Rules for counting the number of skeletal electrons provided by each vertex atom need to be established in order to determine the number of skeletal electrons in polygonal and polyhedral clusters of the post-transition elements. The rules discussed above for polyhedral boranes can be adapted to bare post-transition metal vertices as follows [Pg.19]

Mingos rules. This hypoelectronicity or electron poverty (fewer than the Wade-Mingos 2n + 2 skeletal electrons) in the bare metal cluster anions Enz (z < n + 2) leads to deltahedra not only different from those in the deltahedral boranes but also different from those in hypoelectronic metal carbonyl clusters of metals such as osmium. [Pg.22]

Butterfly. While Tl2Te22- has a (2)(1) + (2)(4) + 2 = 12 skeletal electron count isoelectronic and isolobal with neutral cyclobutadiene, it undergoes a different Jahn-Teller-like distortion to the butterfly structure discussed by Bums and Corbett [81]. [Pg.20]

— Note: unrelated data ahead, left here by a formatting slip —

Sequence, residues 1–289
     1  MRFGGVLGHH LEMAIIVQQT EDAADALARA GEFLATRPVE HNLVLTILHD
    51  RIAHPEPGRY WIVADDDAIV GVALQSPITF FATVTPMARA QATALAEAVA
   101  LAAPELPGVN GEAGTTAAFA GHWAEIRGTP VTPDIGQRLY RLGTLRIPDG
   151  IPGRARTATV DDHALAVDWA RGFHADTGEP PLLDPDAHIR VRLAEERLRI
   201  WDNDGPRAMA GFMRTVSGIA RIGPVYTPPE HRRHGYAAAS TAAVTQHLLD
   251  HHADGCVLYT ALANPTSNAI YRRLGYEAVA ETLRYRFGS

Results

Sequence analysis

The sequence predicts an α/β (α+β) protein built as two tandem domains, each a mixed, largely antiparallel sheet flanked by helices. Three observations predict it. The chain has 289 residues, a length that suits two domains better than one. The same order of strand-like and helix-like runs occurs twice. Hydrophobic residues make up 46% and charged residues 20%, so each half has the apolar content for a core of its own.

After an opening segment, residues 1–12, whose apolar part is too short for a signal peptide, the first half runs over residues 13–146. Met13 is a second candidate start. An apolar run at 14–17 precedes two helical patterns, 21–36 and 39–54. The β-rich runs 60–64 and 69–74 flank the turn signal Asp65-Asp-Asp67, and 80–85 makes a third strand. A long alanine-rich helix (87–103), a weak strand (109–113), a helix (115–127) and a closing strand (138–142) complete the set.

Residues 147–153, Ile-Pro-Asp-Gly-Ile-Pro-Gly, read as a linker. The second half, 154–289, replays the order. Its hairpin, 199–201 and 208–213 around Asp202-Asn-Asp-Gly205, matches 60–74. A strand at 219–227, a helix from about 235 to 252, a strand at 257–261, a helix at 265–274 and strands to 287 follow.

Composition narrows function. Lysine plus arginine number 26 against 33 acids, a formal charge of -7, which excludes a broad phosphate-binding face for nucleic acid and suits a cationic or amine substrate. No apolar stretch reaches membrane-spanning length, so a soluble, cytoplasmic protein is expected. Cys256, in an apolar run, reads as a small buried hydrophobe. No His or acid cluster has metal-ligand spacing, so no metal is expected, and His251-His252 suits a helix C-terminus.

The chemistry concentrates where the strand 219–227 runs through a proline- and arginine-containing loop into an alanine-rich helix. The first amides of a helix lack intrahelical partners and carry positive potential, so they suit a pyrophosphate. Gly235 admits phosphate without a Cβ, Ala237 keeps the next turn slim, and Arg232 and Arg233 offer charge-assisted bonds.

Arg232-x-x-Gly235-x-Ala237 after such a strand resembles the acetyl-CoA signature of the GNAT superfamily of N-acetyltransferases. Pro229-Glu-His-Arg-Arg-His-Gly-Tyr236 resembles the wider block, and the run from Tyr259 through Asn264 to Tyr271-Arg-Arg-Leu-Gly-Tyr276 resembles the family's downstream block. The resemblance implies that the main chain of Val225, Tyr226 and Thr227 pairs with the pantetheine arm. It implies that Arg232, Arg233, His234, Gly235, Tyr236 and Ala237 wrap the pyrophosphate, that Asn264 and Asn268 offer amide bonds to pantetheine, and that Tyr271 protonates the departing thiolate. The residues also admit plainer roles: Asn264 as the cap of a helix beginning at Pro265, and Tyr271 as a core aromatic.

Application of this procedure to post-transition metal clusters indicates that bare Ga, In, and Tl vertices contribute one skeletal electron bare Ge, Sn, and Pb vertices contribute two skeletal electrons bare As, Sb, and Bi vertices contribute three skeletal electrons and bare Se and Te vertices contribute four skeletal electrons in two- and three-dimensional aromatic systems (see Chapter 1.1.3). Thus, Ge, Sn, and Pb vertices are isoelectronic with BH vertices and As, Sb, and Bi vertices are isoelectronic with CH vertices. [Pg.19]

Seven-vertex Structures. As73- and Sb73- have the C3v structure depicted in Figure 1-7 and the correct (4) (3) + (3)(1) + 3 = 18 skeletal electron count for [Pg.20]

Balakrishnarajan and Jemmis [32, 33] have very recently extended the Wade-Mingos rules from isolated borane deltahedra to fused borane ("conjuncto ) delta -hedra. They arrive at the requirement of n I m skeletal electron pairs corresponding to 2n + 2m skeletal electrons for such fused deltahedra having n total vertices and m individual deltahedra. Note that for a single deltahedron (i.e., m = 1) the Jemmis 2n + 2m rule reduces to the Wade-Mingos 2n I 2 rule. [Pg.8]

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